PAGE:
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Wikimedia Commons is a media repository for files that are free for anyone to use and that meet broadly defined criteria of being educational.

Sexual content is an important part of Commons, providing media resources for encyclopedia articles related to such topics as anatomy, sex, paraphilia, civil liberties, pornography, art, and history. It is a basic point of policy for both Wikimedia and the Commons community that Commons is not censored. However, Commons is not an amateur porn site, and pornographic images that contribute nothing educationally useful may be removed.

Sexual content tends to need closer attention because of the legal and privacy-related issues it raises. This help file outlines:

  • a definition of sexual content;
  • directions on how to upload or delete sexual content;
  • guidance for describing, categorizing, and tagging sexual content; and
  • the general legal context for these issues.


Child Protection and Obscenity Enforcement Act warning
This work, which was made after November 1, 1990 and depicts one or more actual human beings engaged in sexually explicit conduct—including but not limited to "lascivious exhibition of the genitals or pubic area of any person" (USC 18 § 2256)—has record-keeping requirements in the United States under the Child Protection and Obscenity Enforcement Act (18 U.S.C. 2257). Any content reuser in the United States who "publishes, reproduces, or reissues" this work and also qualifies as a "secondary producer" under this Act must document the age and identity of all performers depicted, or face penalties of up to five years in prison per infraction. Wikimedia Commons is not obligated to keep these records and is not responsible for failure to acquire records by content reusers. The scope and constitutionality of this law are very unclear - see meta:Legal/Age Record Requirement for further information.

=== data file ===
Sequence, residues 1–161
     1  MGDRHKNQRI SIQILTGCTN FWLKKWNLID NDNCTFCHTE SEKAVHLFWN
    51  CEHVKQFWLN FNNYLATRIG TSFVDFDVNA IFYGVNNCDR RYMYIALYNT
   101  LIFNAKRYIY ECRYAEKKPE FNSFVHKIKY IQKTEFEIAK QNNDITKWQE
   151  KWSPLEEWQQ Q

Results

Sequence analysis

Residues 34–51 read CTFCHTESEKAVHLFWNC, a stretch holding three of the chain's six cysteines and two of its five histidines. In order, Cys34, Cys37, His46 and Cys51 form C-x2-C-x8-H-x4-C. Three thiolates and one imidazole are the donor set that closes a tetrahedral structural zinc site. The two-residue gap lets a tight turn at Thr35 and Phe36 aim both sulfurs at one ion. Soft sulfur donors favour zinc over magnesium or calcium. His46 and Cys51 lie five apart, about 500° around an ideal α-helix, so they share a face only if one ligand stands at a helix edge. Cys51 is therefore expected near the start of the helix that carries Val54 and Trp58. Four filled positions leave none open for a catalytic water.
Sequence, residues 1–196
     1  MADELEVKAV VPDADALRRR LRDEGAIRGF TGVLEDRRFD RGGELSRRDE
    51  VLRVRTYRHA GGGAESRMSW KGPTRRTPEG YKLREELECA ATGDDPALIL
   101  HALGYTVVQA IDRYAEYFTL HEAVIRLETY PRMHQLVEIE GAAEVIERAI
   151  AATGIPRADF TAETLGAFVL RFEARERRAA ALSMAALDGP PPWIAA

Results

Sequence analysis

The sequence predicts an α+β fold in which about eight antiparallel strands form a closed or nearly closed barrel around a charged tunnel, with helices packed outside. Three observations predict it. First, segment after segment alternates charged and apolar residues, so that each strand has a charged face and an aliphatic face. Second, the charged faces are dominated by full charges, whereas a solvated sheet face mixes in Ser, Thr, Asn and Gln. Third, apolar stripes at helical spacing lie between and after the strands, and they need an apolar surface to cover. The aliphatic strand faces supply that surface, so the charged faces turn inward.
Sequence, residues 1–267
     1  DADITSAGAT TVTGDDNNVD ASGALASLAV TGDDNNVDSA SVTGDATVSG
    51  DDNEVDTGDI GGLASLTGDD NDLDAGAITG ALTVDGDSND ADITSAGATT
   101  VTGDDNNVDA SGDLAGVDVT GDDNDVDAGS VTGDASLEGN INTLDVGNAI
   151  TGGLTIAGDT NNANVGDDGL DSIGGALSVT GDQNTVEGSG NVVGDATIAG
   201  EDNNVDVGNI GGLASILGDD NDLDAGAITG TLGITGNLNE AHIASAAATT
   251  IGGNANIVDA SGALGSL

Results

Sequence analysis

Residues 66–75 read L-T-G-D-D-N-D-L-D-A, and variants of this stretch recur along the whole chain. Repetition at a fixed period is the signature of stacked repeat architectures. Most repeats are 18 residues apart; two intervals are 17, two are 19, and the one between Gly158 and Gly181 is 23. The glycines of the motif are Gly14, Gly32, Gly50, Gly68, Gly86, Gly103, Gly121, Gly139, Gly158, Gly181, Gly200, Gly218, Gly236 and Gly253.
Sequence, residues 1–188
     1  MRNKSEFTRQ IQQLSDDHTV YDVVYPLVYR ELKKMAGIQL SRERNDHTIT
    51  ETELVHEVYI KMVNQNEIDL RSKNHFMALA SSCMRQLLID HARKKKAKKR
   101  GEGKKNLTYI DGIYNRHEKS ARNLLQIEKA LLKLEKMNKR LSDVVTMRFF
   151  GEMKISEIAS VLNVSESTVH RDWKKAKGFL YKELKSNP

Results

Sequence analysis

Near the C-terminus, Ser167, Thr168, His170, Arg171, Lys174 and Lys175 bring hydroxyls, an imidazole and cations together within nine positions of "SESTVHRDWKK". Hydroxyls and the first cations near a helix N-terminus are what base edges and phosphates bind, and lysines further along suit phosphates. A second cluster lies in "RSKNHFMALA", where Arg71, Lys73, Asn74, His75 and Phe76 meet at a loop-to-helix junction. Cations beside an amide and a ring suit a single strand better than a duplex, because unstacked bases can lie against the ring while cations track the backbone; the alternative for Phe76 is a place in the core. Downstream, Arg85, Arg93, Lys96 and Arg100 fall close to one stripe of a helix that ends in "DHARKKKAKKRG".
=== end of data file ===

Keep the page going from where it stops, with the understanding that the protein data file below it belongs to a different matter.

This notice is only a warning, and the absence of this notice should not be interpreted as indicating an absence of any legal obligations.

Notes: This tag should not be used for mere nudity. Sexually explicit images of minors should be deleted and reported.

The definition of "sexual content" used here refers to pictorial media depicting actual or simulated sexually explicit conduct involving humans. Depictions of human sexuality include:

Prohibited contentEdit

The following types of sexual content are prohibited on Commons:

Content that would be illegal for Commons to host, including child pornography[3]

Manufacturing, distributing, possessing, or intentionally accessing child pornography is a very serious charge in the United States, where Wikimedia's servers and main offices are located.[4] Images of minors – even if clothed – can be found to be in violation of child pornography laws if they fail the Dost test.[5]

Any suspected instances should be quickly reported to Wikimedia (see Foundation:contact us), which can securely remove material by office actions. Normal or speedy "deletion" of material leaves it available to hundreds of users with administrative privileges, so neither is sufficient to fulfill the Foundation's legal responsibilities. Material found to be illegal must go through a suppression process after deletion. The National Center for Missing and Exploited Children maintains an online hotline for reports that assists exploited children.

Images that are not plainly illegal and for which there is lingering doubt can be proposed for deletion. Photographic depictions of sexually explicit conduct, where there is a legitimate concern that not all participants appear to be at least 18 years old, should be proposed for deletion per the precautionary principle. Users in the deletion discussion may gather evidence of the subject's age and conservatively evaluate whether there is a significant risk that a minor is depicted. Potentially obscene images may be discussed in terms of the Miller Test.

Content without appropriate consent

All media are subject to Commons:Photographs of identifiable people, a complex guideline that touches on issues such as defamation, personality rights, privacy rights, ridicule, unfairly obtained photos, and photos that unreasonably intrude into a subject's private or family life.

  • It may be a good idea, but is not presently required, for uploaders of self-produced sexual content to make an assertion that the subjects of photographs consented to their public release. The provision of further evidence of consent is welcome (using the OTRS process) but is not normally required.